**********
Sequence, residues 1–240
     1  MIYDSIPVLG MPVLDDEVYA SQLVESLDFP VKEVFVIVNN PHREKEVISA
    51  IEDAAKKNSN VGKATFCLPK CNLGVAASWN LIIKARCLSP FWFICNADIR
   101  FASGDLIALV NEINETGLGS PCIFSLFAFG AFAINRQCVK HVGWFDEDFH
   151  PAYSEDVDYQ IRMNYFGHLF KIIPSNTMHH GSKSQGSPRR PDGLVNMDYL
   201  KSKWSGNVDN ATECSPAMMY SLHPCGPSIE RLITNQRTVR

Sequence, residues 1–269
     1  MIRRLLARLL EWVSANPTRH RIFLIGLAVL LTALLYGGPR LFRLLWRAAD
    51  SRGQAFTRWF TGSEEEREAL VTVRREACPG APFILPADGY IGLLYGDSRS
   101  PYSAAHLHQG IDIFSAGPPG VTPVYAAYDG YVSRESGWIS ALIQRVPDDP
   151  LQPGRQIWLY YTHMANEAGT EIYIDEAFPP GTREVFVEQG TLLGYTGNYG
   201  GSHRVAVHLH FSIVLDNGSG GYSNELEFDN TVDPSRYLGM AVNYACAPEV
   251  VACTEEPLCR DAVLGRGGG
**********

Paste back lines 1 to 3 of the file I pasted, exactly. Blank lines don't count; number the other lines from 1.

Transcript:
Sequence, residues 1–240
     1  MIYDSIPVLG MPVLDDEVYA SQLVESLDFP VKEVFVIVNN PHREKEVISA
    51  IEDAAKKNSN VGKATFCLPK CNLGVAASWN LIIKARCLSP FWFICNADIR